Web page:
You are hereHome >
WASHINGTON -- In a decision that should help stem the youth vaping epidemic, the U.S. Food and Drug Administration (FDA) is expected to order Juul to take its e-cigarettes off the market. The Wall Street Journal says that could happen as early as Wednesday. The decision would come after a two-year review of data that Juul submitted to the FDA. While the e-cigarettes were unapproved, the FDA allowed them to remain on store shelves.
Among vapers of all ages, Juul has been the best-selling e-cigarette brand in the United States in recent years. More than 2 million U.S. high school and middle school students were current users of e-cigarettes according to the most recent National Youth Tobacco Survey. Of those, 130,000 said Juul was their “usual” brand.
According to the Centers for Disease Control and Prevention (CDC), most e-cigarettes contain nicotine, a highly addictive substance that can harm adolescent brain development -- and all Juul e-cigarettes have a high level of nicotine; a single Juul pod contains as much nicotine as a pack of 20 regular cigarettes. Also, the CDC says Juul makes some of the few e-cigarettes that use nicotine salts, which allow particularly high levels of nicotine to be inhaled more easily and with less irritation.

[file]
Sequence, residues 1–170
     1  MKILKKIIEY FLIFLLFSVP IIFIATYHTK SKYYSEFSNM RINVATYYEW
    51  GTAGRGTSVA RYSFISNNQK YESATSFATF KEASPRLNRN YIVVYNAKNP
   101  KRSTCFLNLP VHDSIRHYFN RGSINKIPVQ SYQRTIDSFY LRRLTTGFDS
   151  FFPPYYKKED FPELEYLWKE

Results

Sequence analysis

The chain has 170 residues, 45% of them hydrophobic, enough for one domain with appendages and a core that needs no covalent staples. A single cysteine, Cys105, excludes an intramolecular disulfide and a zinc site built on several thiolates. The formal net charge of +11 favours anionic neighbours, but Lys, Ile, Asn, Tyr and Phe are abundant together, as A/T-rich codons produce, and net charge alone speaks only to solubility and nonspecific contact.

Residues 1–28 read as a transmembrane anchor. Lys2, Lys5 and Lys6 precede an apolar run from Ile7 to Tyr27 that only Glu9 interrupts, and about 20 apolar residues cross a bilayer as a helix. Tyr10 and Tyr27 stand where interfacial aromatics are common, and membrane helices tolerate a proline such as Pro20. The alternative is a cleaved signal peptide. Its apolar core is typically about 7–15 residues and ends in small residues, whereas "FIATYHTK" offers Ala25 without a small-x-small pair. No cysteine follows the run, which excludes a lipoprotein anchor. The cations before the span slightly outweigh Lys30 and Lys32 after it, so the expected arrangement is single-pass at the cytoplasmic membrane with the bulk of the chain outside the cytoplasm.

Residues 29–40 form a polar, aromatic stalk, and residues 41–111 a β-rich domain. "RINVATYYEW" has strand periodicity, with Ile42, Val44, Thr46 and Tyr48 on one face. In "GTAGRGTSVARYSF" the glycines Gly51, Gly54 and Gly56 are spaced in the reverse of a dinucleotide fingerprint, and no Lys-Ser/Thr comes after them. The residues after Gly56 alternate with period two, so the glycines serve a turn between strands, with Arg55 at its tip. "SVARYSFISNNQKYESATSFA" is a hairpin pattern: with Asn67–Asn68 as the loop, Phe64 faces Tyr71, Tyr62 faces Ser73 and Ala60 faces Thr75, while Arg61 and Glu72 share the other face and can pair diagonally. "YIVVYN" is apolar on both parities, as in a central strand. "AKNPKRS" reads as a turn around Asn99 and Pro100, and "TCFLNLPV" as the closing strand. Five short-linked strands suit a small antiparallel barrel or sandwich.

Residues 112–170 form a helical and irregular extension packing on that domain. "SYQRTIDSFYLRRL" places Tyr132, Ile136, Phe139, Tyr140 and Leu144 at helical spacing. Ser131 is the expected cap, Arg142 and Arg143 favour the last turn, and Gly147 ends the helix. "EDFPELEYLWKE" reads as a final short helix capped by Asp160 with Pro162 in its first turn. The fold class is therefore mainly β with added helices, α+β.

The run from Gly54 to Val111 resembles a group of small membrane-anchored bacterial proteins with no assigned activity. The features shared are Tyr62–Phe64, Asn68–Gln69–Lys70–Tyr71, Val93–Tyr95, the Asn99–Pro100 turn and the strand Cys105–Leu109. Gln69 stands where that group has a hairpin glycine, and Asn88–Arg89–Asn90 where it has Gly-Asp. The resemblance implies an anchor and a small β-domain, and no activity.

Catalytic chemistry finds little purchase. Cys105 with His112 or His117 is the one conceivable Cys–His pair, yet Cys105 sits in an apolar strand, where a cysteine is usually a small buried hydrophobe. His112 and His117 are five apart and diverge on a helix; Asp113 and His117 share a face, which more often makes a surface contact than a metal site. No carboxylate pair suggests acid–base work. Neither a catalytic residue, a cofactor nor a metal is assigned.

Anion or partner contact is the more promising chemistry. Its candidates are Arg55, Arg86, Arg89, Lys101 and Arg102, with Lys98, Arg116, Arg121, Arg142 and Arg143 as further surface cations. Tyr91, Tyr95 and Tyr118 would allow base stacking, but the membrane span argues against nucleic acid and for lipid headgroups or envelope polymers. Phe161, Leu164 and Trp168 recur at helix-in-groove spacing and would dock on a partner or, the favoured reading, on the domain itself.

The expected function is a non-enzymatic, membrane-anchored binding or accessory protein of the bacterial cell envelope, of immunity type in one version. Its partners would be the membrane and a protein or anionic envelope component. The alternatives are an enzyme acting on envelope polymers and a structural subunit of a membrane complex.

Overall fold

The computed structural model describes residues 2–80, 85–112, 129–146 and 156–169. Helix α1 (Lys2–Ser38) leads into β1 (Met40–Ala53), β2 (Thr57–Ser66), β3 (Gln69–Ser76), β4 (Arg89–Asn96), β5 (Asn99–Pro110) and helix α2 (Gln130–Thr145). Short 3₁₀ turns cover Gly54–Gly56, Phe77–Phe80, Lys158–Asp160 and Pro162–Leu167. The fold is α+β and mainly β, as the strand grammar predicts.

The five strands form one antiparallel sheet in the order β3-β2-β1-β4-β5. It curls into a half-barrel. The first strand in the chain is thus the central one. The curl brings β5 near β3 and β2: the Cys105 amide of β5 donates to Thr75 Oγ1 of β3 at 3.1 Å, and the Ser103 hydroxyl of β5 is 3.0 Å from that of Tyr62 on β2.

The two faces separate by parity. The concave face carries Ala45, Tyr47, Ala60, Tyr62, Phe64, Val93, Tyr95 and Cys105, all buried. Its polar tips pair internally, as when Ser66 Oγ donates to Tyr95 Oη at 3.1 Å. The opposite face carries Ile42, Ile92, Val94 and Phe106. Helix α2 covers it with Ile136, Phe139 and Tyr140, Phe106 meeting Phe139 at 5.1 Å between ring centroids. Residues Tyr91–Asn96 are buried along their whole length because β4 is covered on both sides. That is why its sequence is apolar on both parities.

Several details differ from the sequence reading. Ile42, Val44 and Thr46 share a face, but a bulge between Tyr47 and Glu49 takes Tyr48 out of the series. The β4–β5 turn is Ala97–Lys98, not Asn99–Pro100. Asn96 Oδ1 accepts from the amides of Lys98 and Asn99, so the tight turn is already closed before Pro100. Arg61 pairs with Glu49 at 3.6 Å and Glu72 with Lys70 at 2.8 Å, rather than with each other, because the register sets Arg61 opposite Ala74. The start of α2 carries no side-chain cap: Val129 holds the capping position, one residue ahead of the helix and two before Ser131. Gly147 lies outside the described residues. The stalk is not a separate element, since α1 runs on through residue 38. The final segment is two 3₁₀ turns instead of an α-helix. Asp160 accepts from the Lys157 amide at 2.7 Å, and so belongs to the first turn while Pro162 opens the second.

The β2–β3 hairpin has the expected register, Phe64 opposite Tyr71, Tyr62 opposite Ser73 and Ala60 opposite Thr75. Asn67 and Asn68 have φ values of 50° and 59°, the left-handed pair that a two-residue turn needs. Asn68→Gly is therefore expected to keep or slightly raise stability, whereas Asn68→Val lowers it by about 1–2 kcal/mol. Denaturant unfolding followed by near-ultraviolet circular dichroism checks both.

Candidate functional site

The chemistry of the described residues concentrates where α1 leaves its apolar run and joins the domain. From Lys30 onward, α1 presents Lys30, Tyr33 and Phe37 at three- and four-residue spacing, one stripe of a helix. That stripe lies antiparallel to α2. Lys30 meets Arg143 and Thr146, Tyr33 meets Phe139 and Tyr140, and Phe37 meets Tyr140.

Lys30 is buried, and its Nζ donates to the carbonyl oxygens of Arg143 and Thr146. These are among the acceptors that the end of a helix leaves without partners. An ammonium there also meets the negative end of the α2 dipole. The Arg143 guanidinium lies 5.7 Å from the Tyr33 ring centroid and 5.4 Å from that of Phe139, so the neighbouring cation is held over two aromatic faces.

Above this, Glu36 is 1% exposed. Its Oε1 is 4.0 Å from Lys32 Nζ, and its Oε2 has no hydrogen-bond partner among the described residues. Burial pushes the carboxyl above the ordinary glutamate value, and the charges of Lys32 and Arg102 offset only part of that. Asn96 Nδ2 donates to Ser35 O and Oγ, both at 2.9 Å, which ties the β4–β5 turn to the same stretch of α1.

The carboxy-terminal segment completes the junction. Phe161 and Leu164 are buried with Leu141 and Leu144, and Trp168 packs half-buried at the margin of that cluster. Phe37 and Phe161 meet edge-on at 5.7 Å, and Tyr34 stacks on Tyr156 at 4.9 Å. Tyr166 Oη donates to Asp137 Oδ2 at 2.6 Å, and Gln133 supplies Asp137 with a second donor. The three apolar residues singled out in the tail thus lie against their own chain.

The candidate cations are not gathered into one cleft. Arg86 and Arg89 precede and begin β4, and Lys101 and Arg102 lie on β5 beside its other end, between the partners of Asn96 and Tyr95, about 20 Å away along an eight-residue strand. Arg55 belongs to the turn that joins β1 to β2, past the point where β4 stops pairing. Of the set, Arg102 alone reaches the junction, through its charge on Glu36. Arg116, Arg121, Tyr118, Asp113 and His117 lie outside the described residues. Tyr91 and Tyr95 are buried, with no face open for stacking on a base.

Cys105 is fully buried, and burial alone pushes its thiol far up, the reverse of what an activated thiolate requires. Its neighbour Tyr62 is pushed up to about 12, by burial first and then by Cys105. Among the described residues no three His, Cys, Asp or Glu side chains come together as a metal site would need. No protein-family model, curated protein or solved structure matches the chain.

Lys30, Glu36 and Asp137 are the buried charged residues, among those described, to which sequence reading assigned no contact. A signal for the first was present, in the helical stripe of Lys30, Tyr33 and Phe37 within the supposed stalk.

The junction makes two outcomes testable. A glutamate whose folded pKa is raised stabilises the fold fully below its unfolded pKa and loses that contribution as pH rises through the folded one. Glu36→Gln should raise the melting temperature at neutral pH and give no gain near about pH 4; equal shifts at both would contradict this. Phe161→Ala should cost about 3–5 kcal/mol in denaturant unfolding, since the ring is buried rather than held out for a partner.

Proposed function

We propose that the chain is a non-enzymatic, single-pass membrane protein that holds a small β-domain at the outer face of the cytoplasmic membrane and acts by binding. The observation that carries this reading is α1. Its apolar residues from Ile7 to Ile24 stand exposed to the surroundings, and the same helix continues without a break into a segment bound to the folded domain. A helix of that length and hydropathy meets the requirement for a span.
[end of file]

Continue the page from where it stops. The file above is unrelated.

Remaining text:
In response to the FDA’s action, PIRG Public Health Campaigns Director Matt Wellington said:
“Better late than never for this action. But over the years that the FDA allowed unapproved Juul e-cigs on store shelves, millions of American teens fell into the nicotine trap and are now on the road to a lifetime of addiction. Taking Juuls off the market is a victory for public health, but it’s not enough.
“The FDA shouldn’t allow any e-cigarettes to be sold while the companies’ applications are still under review. And to make a true dent in youth vaping, the agency should immediately end the sale of all flavored e-cigarettes, including menthol.”
Your donation supports Illinois PIRG’s work to stand up for consumers on the issues that matter, especially when powerful interests are blocking progress.